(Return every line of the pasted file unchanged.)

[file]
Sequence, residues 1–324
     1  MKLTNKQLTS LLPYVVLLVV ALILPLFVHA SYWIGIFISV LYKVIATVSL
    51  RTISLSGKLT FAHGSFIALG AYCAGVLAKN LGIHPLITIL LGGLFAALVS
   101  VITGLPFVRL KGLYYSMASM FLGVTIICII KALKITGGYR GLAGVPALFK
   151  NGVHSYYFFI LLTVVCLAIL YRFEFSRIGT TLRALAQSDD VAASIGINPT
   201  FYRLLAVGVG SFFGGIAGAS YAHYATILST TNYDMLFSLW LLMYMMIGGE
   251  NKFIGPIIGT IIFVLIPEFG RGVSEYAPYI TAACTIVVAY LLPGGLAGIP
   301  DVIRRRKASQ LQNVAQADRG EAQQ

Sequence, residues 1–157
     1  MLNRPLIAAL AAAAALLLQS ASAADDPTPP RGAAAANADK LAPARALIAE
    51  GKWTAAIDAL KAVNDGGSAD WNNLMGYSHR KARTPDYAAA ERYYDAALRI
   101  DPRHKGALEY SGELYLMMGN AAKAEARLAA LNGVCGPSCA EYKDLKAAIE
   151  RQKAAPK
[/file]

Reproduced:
Sequence, residues 1–324
     1  MKLTNKQLTS LLPYVVLLVV ALILPLFVHA SYWIGIFISV LYKVIATVSL
    51  RTISLSGKLT FAHGSFIALG AYCAGVLAKN LGIHPLITIL LGGLFAALVS
   101  VITGLPFVRL KGLYYSMASM FLGVTIICII KALKITGGYR GLAGVPALFK
   151  NGVHSYYFFI LLTVVCLAIL YRFEFSRIGT TLRALAQSDD VAASIGINPT
   201  FYRLLAVGVG SFFGGIAGAS YAHYATILST TNYDMLFSLW LLMYMMIGGE
   251  NKFIGPIIGT IIFVLIPEFG RGVSEYAPYI TAACTIVVAY LLPGGLAGIP
   301  DVIRRRKASQ LQNVAQADRG EAQQ

Sequence, residues 1–157
     1  MLNRPLIAAL AAAAALLLQS ASAADDPTPP RGAAAANADK LAPARALIAE
    51  GKWTAAIDAL KAVNDGGSAD WNNLMGYSHR KARTPDYAAA ERYYDAALRI
   101  DPRHKGALEY SGELYLMMGN AAKAEARLAA LNGVCGPSCA EYKDLKAAIE
   151  RQKAAPK